Back in 1930 UK explorer, H.G. Watkins (the guy in the photo above) gathered a team together to see if a new air route between Britain and Canada could be established rather then flying across the dangerous ocean. The proposed route was to cross the Arctic via the Faroes,
Along with figuring out the route, the 14-man team had a goal to map the very poorly understood Greenland shoreline as well as gather climate data of the icecap of
All in all the year-long expedition was quite a success and it have some slow times allowing the team to take some kayak lessons from the local people living in
The footage below was captured in the summer of 1930 and shows members of the expedition in the last half.
Two interesting observations from the film; first, it’s clear towards the end of the footage, it’s team members rolling and playing around in the boats so they must have had enough time (and willingness to get wet) to actually learn how to roll. Could these be one of
The second thing I realized that even 82 years later, as soon as a group of kayakers who can roll get together somebody always wants to organize some sort of synchronised rolling demonstration.
Of course not everything on the expedition went smooth. During the winter of 1931, Augustine Courtauld volunteered to live solo at the weather station in the interior of
Freeze Frame has a better description of his adventure then I could ever make up:
Having left his spade outside [the station], Courtauld had struggled with the snow, it had filled both the exit and the openings into the snow house and stores. He had also been troubled by the loss of paraffin from two slightly punctured tins, this resulted in a shortage of fuel and as he also ran out of candles he had to spend some time in the dark. He also ate his meals uncooked so that the limited supply of fuel could be conserved to melt drinking water.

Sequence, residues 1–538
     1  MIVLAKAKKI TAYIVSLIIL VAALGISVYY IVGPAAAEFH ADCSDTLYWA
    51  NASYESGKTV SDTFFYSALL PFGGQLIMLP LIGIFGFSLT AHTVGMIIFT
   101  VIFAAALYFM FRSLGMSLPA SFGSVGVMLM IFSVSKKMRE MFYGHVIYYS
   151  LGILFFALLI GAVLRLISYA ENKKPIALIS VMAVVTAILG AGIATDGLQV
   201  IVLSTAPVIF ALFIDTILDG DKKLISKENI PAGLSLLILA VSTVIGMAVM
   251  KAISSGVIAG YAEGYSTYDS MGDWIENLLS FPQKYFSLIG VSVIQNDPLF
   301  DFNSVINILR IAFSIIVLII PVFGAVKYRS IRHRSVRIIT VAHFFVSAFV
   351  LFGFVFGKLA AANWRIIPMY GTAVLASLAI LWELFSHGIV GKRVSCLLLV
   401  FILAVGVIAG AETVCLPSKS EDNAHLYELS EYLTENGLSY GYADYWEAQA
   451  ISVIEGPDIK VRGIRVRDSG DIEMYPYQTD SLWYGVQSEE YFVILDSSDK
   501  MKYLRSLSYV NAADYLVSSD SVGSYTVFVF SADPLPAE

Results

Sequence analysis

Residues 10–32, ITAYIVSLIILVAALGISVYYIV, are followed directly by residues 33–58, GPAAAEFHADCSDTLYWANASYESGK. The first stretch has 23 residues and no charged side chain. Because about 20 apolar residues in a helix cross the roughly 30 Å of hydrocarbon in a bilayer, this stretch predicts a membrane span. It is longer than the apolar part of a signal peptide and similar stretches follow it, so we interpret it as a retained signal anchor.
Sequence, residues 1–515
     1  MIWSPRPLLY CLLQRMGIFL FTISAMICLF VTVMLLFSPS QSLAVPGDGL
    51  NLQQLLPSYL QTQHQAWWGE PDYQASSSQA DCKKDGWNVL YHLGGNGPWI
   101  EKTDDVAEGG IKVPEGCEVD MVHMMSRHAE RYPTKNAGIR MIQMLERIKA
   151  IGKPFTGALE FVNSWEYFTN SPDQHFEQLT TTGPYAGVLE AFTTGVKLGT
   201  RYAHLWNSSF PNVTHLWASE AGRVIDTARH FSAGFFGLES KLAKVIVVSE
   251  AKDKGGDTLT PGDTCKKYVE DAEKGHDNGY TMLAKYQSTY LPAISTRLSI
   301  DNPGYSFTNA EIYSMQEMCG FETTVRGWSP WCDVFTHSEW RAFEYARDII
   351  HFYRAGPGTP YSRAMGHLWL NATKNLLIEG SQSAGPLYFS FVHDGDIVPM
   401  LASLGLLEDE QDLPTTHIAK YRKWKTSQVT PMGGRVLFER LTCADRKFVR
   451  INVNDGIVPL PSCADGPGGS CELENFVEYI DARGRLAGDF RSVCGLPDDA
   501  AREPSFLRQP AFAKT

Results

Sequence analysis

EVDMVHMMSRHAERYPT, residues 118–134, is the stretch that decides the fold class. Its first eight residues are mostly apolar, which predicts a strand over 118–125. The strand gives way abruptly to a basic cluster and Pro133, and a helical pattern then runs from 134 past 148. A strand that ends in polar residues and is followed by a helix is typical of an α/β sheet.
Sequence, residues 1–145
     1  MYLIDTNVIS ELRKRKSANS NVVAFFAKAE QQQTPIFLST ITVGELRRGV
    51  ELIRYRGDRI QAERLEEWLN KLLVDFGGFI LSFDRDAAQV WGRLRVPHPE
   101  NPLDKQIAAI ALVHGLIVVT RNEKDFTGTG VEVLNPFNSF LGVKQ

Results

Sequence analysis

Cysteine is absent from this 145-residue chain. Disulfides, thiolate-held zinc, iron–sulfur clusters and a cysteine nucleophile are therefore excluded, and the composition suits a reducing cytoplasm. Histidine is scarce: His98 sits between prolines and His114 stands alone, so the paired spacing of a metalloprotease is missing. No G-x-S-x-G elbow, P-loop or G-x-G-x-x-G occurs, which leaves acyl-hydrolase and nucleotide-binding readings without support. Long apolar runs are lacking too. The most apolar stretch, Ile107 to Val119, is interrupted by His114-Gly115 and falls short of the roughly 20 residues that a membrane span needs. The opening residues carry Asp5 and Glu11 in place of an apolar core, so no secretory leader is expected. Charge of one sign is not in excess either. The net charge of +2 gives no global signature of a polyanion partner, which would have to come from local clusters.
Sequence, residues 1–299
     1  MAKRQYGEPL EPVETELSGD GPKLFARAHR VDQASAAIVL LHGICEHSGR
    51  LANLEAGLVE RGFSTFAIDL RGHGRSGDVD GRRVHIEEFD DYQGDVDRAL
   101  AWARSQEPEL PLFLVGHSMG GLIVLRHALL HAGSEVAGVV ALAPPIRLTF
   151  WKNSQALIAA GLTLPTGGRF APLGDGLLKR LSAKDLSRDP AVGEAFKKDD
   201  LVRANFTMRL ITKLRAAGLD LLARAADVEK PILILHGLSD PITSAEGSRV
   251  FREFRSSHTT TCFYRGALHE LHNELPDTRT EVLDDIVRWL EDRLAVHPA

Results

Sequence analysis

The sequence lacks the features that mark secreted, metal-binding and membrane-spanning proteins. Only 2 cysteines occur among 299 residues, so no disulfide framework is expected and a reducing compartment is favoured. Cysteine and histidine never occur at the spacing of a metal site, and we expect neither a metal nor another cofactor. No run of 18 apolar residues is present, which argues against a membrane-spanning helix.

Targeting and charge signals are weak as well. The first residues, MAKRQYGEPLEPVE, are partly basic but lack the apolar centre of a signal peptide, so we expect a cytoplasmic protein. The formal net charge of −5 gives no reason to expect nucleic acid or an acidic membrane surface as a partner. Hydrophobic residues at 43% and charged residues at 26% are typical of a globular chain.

More info and fantastic photos can be found here.
Update: Upon further investigation, I found out that expedition leader, G.H. Watkins went back to Greenland in 1932 on a second expedition which would sadly end in tragedy for him.
During both the 1930 and 1932 trips to Greenland he spent a lot of time with the local people becoming quite proficient at kayaking. In fact he fell in love with the activity and people so much that the expedition was one of the first to make use of indigenous techniques and methods. He and his men were so at hunting seals from a kayak that they planned on not bringing any food for their 1932 expedition but rather live off the land completely. At the time this was completely unheard of especially by citizens of British society who looked down at the people of Greenland as savages.
Sadly the method of travel for the expedition wasn’t to come about as Watkins drowned in his kayak while he was out hunting on his own one day.
G.H. Watkins legacy to polar exploration was a real shift in mindset in how future expeditions are carried out; as well he planted the seeds of respect for the local people. It’s best described on the very fascinating site, Freeze Frame:
This expedition marked a real shift in the way explorers viewed indigenous technologies. Apart from following in Nansen’s footsteps in adopting the sledge and snowshoe designs [Watkins] adapted from Inuit versions during the periods in which he overwintered with them, few explorers had wholeheartedly examined and embraced Inuit survival techniques. Watkins’ final expedition, for which the food source was based entirely upon Inuit hunting methods, marks the start of changing views with regard to the Inuit and their techniques.